Eventually, on 27 August 2010, Diego moved from Juventus to VfL Wolfsburg for a club record transfer fee of €15.5 million, of which Juve would only receive €14.75 million as 5% of the transfer fee transferred to his youth clubs as solidarity contribution.[15] Following his move to Wolfsburg, Diego criticized Juventus general director Giuseppe Marotta for his exit and is the blame for letting Juventus make huge losses on some high-profile players.[16]

In Diego's first match for Wolfsburg, he scored his debut goal in a game which Wolfsburg lost 3–4 to Mainz 05. On 5 February 2011, he won a penalty for Wolfsburg; he subsequently took the ball from designated spot-kick taker Patrick Helmes, then hit the woodwork ten minutes from time. Wolfsburg later lost the match by one goal, prompting Wolfsburg manager Steve McClaren to fine him €100,000 (£86,000) for failing to follow instructions. Diego was defended by Dieter Hoeneß, claiming that Diego does not believe he should be banned for the incident.[17] Nonetheless, Diego was also informed that he would be removed from the first team for Wolfsburg's upcoming game against Hamburger SV.[18] He once again got in trouble with the management of Wolfsburg, when, on 14 May before a crucial relegation game against 1899 Hoffenheim, he left the hotel in which the team was staying when he was informed he would not be starting the game.[19] This left Wolfsburg with only six players on the bench for the game that would determine whether they would play another season in the Bundesliga or be relegated. Wolfsburg went on to win the game 3–1 without Diego, ensuring another top flight season for the club, though Diego was fined €500,000 for his actions.[20]

Loan to Atlético Madrid[edit]

After the 2010–11 season at Wolfsburg, new manager Felix Magath told Diego in May he had no future with the club. On the last day of the transfer season, Diego joined Atlético Madrid in La Liga on a season-long loan.[21] On 10 September 2011, he made his debut for Atlético against Valencia.[22] He scored his first goal for Atlético in the 60th minute of a UEFA Europa League game against Celtic to make it 2–0 and made an assist to Radamel Falcao in the third minute. The match finished in a 2–0 win for Atlético.[23] Diego scored his first league goal in a 3–2 win over Levante on 20 November 2011.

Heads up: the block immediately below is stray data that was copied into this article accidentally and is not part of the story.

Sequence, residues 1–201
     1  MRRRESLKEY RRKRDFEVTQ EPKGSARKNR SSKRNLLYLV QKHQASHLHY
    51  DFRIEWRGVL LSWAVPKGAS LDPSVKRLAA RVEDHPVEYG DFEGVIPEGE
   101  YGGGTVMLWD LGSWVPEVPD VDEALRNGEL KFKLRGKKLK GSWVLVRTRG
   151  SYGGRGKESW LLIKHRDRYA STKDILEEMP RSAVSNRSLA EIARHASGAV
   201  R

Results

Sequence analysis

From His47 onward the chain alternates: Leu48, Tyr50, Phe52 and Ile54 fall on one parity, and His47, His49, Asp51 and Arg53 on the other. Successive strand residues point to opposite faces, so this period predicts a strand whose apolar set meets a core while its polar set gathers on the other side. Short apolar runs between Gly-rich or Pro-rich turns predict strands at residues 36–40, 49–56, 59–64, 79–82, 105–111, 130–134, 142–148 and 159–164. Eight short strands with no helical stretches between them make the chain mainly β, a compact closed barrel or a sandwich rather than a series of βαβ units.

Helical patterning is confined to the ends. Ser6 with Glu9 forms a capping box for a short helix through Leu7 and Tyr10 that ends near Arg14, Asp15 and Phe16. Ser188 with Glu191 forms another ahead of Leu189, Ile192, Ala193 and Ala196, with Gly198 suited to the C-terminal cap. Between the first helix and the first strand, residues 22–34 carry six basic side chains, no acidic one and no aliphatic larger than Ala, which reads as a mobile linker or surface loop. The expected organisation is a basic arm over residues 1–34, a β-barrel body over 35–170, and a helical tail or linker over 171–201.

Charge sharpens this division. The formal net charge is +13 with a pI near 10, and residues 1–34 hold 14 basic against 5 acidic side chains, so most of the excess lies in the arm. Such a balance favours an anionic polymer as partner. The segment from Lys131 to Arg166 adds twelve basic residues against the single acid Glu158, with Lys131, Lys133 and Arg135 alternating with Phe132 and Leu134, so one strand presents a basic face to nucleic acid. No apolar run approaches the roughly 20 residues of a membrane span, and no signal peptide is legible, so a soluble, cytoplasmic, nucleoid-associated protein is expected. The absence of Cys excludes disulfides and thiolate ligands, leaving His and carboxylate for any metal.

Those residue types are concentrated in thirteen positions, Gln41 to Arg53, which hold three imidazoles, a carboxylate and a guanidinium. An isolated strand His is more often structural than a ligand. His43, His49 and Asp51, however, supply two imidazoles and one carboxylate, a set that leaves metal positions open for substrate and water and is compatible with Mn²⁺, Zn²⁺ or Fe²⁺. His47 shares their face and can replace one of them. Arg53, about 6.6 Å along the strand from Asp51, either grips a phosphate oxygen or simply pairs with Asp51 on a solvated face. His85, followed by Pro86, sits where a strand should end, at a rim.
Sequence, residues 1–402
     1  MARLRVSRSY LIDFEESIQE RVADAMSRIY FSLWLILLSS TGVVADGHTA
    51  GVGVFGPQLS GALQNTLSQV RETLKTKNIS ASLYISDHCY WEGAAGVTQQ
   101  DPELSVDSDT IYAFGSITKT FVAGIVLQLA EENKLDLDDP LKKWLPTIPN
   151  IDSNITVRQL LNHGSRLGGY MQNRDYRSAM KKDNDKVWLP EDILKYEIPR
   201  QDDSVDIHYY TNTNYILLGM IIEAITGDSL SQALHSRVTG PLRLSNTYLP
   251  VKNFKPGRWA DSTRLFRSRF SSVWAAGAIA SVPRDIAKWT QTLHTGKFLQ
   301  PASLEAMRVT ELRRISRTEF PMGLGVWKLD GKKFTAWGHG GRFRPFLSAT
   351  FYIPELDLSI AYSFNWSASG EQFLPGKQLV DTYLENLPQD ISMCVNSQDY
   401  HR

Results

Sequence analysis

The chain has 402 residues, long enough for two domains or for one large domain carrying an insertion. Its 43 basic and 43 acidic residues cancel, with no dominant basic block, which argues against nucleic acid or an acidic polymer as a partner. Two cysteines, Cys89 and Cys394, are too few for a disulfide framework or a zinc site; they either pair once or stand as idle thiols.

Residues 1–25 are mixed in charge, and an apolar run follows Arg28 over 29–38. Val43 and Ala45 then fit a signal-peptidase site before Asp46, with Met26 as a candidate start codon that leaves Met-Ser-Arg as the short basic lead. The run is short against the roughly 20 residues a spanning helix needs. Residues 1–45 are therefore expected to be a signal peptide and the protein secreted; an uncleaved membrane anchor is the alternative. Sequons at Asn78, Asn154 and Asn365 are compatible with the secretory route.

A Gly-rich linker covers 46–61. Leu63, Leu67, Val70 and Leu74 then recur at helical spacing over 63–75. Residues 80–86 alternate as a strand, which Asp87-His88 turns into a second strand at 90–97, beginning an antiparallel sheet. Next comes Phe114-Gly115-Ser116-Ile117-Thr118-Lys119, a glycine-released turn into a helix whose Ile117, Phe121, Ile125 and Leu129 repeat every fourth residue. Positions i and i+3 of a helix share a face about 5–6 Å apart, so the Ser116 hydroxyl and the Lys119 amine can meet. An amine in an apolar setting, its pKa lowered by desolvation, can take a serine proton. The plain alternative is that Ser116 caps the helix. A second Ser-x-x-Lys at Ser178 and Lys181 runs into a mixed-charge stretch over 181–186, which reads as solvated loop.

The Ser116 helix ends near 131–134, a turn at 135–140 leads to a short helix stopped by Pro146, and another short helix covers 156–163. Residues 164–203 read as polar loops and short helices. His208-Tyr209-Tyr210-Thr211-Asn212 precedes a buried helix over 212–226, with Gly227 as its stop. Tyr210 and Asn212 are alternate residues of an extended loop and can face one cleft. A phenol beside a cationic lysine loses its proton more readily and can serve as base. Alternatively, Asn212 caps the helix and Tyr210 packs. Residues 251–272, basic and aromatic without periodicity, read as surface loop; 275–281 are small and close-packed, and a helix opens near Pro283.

As a key player for Atlético, Diego provided assists and established himself in the first team. But on 19 February 2012, against Sporting de Gijón, Diego sustained a hamstring injury in the second half.[24] It was announced that Diego would be out for a month.[25] After a month out, Diego recovered from his injury and made his return to training.[26] Diego made his return against Real Zaragoza on 26 March 2012.[27]

On 9 May 2012, Diego scored the third goal on Atlético's win over Athletic Bilbao in the Europa League Final, assuring the capital side won the title for the second time in three years.[28] After the match, Diego told UEFA's official website, "We played against a tough rival like Athletic, but we played an almost perfect match, it was a difficult match, we never said it was going to be easy. I have to thank God for this [victory]."[29]